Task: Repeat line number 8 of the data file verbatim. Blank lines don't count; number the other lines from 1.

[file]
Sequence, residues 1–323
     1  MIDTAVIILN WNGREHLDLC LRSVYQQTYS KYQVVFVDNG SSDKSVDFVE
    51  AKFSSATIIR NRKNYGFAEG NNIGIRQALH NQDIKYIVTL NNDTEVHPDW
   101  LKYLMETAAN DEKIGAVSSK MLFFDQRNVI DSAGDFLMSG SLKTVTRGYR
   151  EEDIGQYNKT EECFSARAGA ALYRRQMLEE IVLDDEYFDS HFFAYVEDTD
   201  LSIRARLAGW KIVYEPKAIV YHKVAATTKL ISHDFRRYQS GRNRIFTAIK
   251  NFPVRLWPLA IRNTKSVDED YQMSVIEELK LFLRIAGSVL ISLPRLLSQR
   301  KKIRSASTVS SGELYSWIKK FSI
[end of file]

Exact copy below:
   301  KKIRSASTVS SGELYSWIKK FSI